Cephalopod Coffeehouse Review (actually)

The Snow Child is inspired by the Russian fairy tale The Little Daughter of the Snow. I am partial to a renewal of an old tale, it's a reminder that the important themes of humanity don't change so much. It is set in 1920s Alaska, and the landscape forms a good part of the story. Jack and Mabel are looking for a new life, looking to escape the grief of losing a baby. They find solid happy company in their neighbours. They find a child who lives feral in the wilderness. The rest I won't spoil for you, even if you can guess the story.

This is a book that encompasses the visceral truth of nature but doesn't dwell in the negative. Neither does it enforce a positivist view. It flows and describes:

'She had no way to know its age or gender, but there was something in the light-colored chin and long, coarse whiskers that reminded her of an old man's beard. From a distance the otter gave a comical, mischievous impression, but when it slithered close Mabel could smell fish blood and a wet chill…Living twisting muscle beneath bristly damp fur. Breaking through thin ice, splashing in cold creek water, sliding belly down across snow. Joyful, though it should have known better.'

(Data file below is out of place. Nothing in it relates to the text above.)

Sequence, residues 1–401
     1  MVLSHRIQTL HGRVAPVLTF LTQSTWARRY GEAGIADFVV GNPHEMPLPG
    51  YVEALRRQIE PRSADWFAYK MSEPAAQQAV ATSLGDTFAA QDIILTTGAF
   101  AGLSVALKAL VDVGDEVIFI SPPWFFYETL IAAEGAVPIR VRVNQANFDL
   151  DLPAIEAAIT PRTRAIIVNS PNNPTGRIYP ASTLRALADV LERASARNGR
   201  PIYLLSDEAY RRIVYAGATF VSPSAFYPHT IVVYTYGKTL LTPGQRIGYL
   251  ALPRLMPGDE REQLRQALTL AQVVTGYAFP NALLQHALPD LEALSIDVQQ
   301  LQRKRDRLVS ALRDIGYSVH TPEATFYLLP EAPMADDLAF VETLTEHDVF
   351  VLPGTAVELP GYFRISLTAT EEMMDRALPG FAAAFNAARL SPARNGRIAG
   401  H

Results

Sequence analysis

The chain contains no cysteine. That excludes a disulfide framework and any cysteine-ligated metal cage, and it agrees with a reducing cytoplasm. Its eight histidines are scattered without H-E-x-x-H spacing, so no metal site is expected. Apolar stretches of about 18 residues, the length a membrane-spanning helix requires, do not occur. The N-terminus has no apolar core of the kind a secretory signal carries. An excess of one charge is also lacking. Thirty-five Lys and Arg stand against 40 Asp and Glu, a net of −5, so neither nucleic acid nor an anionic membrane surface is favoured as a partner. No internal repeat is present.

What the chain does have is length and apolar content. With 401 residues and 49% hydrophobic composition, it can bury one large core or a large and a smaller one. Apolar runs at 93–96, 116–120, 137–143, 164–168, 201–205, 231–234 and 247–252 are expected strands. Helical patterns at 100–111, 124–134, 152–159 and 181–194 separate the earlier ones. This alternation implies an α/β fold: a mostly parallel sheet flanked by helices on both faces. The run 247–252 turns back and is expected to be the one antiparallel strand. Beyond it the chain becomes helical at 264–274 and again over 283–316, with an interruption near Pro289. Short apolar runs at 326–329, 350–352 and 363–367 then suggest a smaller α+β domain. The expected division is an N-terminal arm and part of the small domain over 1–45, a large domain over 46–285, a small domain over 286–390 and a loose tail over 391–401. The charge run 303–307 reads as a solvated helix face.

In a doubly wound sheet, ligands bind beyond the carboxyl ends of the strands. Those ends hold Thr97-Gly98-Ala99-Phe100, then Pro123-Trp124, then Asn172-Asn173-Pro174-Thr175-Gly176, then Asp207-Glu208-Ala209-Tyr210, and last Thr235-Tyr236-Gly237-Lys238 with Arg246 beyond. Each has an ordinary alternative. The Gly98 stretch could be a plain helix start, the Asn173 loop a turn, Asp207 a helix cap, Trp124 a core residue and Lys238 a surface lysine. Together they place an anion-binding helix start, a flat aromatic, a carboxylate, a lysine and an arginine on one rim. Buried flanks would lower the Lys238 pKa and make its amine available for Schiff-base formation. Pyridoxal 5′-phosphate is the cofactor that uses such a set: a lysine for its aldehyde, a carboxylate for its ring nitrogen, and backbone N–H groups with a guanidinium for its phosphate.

Perfect read for a snow holiday, or for cool relief in a hot summer, or anytime for people who like fairy tales and stories that out to charm not shock.


Sally said…
this sounds like a well written book, I'll look out for it as it's not my usual type of book.
Sounds good! In fact, that descriptive snippet you enclosed reminds me of your writing. (That's a GOOD thing.)
Lisa Southard said…
It worked for me anyway- Susan has twigged why- a similar love of the wild world :-)
Andrew Leon said…
Unfortunately, that seems more like one I would skip.
Lisa Southard said…
No worries Andrew: it would be weird for one book to suit all tastes! :-)
I love otters. Supposedly we have them in Vermont, though I've never seen one in the wild. They're an obligatory stop when I'm at the zoo - so playful.

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